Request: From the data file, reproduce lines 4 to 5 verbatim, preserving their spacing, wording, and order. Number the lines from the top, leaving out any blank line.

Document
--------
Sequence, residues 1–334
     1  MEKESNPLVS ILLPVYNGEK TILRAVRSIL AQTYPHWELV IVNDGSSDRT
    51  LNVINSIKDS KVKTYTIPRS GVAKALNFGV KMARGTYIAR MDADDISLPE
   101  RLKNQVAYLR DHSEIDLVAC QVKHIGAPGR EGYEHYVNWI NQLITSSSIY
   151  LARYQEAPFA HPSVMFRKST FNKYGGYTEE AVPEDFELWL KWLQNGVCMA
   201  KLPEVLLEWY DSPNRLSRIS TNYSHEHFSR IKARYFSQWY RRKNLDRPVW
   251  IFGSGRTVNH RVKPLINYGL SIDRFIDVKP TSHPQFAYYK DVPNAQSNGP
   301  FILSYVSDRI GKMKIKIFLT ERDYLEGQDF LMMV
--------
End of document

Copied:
   101  RLKNQVAYLR DHSEIDLVAC QVKHIGAPGR EGYEHYVNWI NQLITSSSIY
   151  LARYQEAPFA HPSVMFRKST FNKYGGYTEE AVPEDFELWL KWLQNGVCMA